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Friday, 15 October, 2021 - 7:56 am

The Lubavitcher Rebbe was once blessed by Mr. David Chase that he be able to continue his wonderful work for many years.

Without hesitation, the Rebbe responded, “I am not satisfied with only continuing. It must increase.”

After this dear supporter insisted that he would be satisfied if the Rebbe simply continued the status quo, the Rebbe added that not only must he (the Rebbe) increase, but he also expects Mr. Chase to increase. A living being, the Rebbe explained, must always grow.


In this week’s parsha, Lech Lecha, we are introduced to the first Jew, Avraham. G-d’s opening words to Avraham – as recorded in the Torah – are, “Go forth from your land and from your birthplace and from your father's house, to the land that I will show you.”

Of course, this was a personal mission for Avraham and Sarah. But, it was also a collective mission for the Jewish people. It’s the opening scene – and mission statement of sorts – of Jewish peoplehood.

In fact, fascinatingly, the closing moments of Moshe’s life are characterized by a similar theme: One of the last parshiyot of the Torah, Vayelech, opens with the words, “And Moshe went.” The eponymous parsha is named after this activity. At the time all the Jews were already assembled. This statement, then, is not referring to geographic movement – but to a figurative or spiritual journey. The Torah is apparently making a big fuss about “going.”

So, the opening of the Jewish story – and the closing of it in the Pentateuch – is all about going and traveling forward.

What is it about traveling that is so relevant and critical to Judaism?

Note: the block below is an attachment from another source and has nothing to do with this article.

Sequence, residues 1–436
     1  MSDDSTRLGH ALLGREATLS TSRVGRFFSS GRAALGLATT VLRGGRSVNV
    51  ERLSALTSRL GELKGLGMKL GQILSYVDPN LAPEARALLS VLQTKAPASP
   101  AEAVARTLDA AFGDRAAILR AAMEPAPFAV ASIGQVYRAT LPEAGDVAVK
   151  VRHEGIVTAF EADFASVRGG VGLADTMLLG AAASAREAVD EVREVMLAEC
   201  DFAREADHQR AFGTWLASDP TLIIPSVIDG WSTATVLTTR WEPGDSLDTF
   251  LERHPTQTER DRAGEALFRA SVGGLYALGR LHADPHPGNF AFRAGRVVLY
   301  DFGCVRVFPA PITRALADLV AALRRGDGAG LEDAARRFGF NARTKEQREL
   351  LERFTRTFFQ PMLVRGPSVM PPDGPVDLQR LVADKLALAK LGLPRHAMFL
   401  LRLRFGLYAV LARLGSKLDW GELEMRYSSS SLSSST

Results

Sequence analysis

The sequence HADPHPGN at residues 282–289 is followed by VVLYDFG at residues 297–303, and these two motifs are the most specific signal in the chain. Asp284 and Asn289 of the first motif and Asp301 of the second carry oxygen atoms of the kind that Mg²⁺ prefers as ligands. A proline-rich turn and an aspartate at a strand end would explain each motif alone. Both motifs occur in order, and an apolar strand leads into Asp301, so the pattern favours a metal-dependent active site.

Chassidic thought explains a fundamental distinction  between angels and humans.  Angels are very lofty, spiritual beings. In many ways, they are the mark of perfection. But, angels are stationary. They don’t experience success and failure. They don’t have good days and bad days.

Humans, on the other hand, have the capacity to regress. They can also move forward and achieve. This ability makes humans superior to angels. And, it’s why G-d created us – to choose freely; to generate goodness and holiness.

And, because this is the unique nature of mankind, it is at the core of the human mission. And, more specifically, at the core of the mission of Judaism.

From the moment Avraham was commanded to “Go!” we are on an eternal mission to keep progressing, to achieve more and more.

We can never be satisfied with our spiritual achievements (as opposed to material gains). So long as we are still breathing, it means we have more to accomplish.

Go forth. Go forth. Keep moving forward and never be satisfied.

You may not be an angel. But, every moment, you have the ability to outperform one.

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